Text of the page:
Few people were paying attention, but last Friday a federal judge dealt what’s likely the final blow against stop-and-frisk, the controversial police practice of stopping and pat-searching without meeting the constitutional standard.
That’s right. Despite what you may have heard, stop-and-frisk is constitutional. The problem has arisen—and exploded—since the New York City Police Department began to ignore flagrantly and systematically the Supreme Court’s mandate: a police officer needs “reasonable suspicion” before stopping and frisking anyone. Any other standard is illegal.
But the debate of what the police may or may not do will soon cease. With Friday’s order, which dismissed a petition by Mayor Bloomberg to strike a judgment by Judge Shira Scheindlin—who determined that the NYPD did violate the constitutional rights of thousands of blacks and Hispanics—the case is over. The city sought to strike the judgment because, it argued, the judge was not impartial in her judgment, but unduly prejudged the facts.
The federal appellate court rejected the city’s argument. According to the court, Judge Scheindlin’s ruling still stands, even though it cannot go into effect until the appellate process ends.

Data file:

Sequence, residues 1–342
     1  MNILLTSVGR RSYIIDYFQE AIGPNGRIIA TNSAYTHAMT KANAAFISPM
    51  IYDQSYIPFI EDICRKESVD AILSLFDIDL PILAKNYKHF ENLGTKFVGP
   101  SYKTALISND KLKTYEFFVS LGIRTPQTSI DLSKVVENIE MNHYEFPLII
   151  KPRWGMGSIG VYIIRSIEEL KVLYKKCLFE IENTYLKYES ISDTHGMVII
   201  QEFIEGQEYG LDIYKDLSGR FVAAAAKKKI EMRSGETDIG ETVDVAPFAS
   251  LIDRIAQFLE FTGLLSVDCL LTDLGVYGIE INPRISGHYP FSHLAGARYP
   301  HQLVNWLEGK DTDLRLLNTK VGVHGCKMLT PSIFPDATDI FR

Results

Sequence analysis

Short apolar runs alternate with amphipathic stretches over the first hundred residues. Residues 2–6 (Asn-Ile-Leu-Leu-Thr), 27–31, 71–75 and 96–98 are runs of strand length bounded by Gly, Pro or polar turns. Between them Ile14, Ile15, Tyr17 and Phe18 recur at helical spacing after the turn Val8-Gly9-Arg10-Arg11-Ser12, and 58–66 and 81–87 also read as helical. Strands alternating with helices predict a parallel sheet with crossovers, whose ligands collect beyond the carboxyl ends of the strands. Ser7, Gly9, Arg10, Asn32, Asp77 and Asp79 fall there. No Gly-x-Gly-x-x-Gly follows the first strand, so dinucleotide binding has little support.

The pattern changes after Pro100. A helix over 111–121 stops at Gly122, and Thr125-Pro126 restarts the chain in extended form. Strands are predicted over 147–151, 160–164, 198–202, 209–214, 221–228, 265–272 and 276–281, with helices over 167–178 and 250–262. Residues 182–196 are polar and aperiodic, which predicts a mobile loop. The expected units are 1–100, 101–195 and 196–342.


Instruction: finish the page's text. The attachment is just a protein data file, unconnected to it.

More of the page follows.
What does this mean for New Yorkers? Procedurally, the case is still being appealed, but there won’t be oral arguments or an exchange of court documents between the parties until March of 2014.
This timing explains why stop-and-frisk has its days numbered. Mayor Bloomberg strategically sought an annulment of Judge Scheindlin’s order on ethics grounds before the end of his term in office. It was a last-ditch attempt to legitimize a practice that, in his view, has been a resounding success in reducing the city’s crime rate. Who cares about the constitutional rights of minorities.
But his request was denied, and now Bloomberg has no other legal avenue left to explore. The court forced him to wait to pursue his appeal until March. But since he leaves office on Dec. 31, that means the reins of the case belong to Mayor-elect Bill de Blasio, who has promised to withdraw the appeal and launch deep reforms to stop-and-frisk.
There are other pending matters in the case, such as the removal of Judge Scheindlin—replaced by Judge Analisa Torres, who was recently appointed to the bench by President Obama—which has become a quasi-scandal in legal circles. And police unions have applied to the appellate court to join the case to defend the interests of police officers. But these are secondary matters.
What truly matters is that all legal efforts, social mobilization, and the promise of a new administration have coalesced perfectly in the fight against a practice that, without doubt, is unconstitutional. Friday’s order was the death blow.
It’s been a long process, but worth the while. The systemization of stop-and-frisk has its days numbered.
(A version of this column was originally published in Spanish in the print and online editions of New York’s El Diario.)